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How to Choose a Spotting Scope

There’s a lot to consider when it comes to picking the best spotting scope or rifle scope for your next outdoor adventure. Finding the one that most suits your needs depends on a few factors, such as what you’ll be using it for and how powerful you need it to be.

Wondering where to start your search? Not sure whether you need a spotting scope or just plain-old binoculars? Read on to see if a spotting scope is right for your next trip.  

Why Choose a Spotting Scope Instead of Binoculars or Monoculars?

Binoculars and monoculars are popular among bird watchers and hunters because of their ease-of-use and convenience. They’re great for quickly spotting faraway animals, birds, and landscapes. However, they’re not nearly as powerful or as clear as spotting scopes.

Compared to binoculars and monoculars, spotting scopes offer far higher levels of magnification and zoom, as well as larger objective lenses. The larger lenses collect more light—so they work better in low-light conditions—and enable a far greater field of vision than most binoculars or monoculars.

For all these reasons, spotting scopes are most often used with a tripod, which helps to keep the image steady. If you need to see things in great detail over vast distances—such as bird watching—a spotting scope with a tripod is your best option.

Why Kind of Magnification Can I Expect?

Most spotting scopes feature variable zoom, so their magnification range is displayed as a set of numbers, such as 20-60x. Typically, scopes have a magnification range that’s somewhere between 15x at the low end and 60x at the high end, though you can find scopes with magnifications up to 250x. Binoculars and monoculars, by contrast, usually have a magnification of 7x or 10x.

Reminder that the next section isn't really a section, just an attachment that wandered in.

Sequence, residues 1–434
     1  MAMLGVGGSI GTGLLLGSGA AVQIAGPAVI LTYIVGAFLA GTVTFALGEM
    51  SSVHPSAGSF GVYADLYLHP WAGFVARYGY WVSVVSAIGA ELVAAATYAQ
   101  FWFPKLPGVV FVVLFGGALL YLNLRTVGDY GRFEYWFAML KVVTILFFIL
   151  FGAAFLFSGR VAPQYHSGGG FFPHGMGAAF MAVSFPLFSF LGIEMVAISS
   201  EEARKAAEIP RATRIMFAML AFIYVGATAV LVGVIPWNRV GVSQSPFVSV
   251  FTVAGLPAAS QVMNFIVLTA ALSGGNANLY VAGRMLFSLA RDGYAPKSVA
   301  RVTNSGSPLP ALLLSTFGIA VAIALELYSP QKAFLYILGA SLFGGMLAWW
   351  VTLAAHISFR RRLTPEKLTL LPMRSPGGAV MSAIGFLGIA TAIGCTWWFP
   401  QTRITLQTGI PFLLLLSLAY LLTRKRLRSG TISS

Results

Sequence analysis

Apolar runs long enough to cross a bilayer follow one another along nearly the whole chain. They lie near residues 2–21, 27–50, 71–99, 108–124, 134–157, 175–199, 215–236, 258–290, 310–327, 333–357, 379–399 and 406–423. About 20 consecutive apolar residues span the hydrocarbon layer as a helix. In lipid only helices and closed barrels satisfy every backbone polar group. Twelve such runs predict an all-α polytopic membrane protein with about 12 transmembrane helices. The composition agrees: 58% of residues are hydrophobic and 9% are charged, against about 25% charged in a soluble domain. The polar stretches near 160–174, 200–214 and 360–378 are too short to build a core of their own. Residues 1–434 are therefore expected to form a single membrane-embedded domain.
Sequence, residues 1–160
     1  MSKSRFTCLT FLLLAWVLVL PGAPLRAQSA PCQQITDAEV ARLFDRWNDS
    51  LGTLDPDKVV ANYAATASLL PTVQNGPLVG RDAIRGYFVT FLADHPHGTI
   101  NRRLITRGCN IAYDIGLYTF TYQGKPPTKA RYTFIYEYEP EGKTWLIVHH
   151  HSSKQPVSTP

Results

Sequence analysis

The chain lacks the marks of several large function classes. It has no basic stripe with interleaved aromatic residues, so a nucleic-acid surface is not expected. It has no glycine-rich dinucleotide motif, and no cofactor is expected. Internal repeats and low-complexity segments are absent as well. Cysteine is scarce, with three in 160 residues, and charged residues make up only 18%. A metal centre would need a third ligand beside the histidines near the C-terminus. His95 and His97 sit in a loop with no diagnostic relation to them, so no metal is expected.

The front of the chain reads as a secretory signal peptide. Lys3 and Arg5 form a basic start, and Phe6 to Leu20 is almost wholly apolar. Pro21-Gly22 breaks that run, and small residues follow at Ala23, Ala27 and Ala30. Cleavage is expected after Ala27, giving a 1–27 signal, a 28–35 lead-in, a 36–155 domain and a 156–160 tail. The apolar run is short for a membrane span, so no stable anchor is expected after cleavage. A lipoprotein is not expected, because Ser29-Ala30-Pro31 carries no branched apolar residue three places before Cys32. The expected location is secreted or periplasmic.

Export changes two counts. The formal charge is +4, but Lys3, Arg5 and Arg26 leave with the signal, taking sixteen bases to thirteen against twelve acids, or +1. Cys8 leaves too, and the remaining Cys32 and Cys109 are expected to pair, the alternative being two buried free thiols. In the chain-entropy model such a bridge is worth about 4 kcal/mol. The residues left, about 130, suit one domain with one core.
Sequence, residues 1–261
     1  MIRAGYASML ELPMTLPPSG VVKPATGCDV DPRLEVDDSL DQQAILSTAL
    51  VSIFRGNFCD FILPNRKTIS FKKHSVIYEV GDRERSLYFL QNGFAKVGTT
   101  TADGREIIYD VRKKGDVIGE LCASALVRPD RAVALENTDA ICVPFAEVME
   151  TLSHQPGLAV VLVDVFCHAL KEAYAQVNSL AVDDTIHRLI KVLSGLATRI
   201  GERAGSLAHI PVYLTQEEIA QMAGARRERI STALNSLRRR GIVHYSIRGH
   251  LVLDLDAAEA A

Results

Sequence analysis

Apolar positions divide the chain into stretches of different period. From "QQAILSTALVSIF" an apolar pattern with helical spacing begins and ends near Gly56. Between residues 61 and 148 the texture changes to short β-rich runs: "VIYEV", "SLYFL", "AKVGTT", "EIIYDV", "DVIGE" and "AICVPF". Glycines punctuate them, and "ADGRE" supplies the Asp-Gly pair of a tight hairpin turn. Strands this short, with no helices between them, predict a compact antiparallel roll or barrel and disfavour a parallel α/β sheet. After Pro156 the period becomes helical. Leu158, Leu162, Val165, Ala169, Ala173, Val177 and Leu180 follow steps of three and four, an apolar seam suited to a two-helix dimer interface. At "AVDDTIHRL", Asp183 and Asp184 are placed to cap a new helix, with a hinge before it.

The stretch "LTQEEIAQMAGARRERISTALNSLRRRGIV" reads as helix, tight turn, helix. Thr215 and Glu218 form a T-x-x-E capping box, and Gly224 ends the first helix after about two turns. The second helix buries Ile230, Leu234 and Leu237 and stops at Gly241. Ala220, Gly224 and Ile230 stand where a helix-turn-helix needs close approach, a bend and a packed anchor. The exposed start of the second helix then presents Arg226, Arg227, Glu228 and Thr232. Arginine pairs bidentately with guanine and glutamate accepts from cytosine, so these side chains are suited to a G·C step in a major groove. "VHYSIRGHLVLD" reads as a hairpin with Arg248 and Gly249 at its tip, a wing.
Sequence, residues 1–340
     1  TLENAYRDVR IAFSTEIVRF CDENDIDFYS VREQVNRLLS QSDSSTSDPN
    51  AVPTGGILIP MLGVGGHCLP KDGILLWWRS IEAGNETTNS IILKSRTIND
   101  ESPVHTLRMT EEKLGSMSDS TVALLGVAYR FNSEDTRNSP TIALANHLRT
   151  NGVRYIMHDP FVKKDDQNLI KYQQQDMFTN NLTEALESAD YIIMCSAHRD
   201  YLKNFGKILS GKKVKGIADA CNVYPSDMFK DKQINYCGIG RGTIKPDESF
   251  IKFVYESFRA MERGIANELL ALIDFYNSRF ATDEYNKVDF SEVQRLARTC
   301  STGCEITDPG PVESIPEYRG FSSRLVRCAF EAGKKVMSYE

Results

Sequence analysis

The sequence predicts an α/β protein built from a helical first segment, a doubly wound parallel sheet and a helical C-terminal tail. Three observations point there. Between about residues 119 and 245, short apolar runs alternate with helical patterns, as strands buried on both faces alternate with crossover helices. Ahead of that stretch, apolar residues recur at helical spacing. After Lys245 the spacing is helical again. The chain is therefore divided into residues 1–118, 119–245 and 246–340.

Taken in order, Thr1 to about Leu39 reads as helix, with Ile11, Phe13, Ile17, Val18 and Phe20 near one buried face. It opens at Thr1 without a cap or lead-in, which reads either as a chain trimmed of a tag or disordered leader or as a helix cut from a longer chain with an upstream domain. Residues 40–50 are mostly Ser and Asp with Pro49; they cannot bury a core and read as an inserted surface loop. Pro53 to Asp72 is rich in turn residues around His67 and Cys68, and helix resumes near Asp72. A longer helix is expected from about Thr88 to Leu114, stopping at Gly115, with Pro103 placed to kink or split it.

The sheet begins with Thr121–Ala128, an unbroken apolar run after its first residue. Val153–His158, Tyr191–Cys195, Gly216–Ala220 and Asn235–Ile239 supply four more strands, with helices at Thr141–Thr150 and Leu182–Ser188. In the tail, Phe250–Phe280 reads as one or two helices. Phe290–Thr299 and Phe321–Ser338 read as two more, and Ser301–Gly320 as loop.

Types of Spotting Scopes

Beyond their magnification levels, spotting scopes can differ quite a bit in their design. There are two basic types of scopes to choose from: straight or angled. With a straight spotting you’ll be looking and aiming in the same direction. With an angled spotting scope, you’ll be looking down the eyepiece, rather than in the same direction you’ve pointed the scope.

There are pros and cons to each type. Straight scopes are easiest for beginners and great for viewing things at or below your current eye level. Angled scopes, on the other hand, are more comfortable to use over extended periods of time and make it far easier to view things higher up, such as flying or nesting birds. Angled scopes are also easier to share with a group, since the eyepiece is at a comfortable position for people of different heights.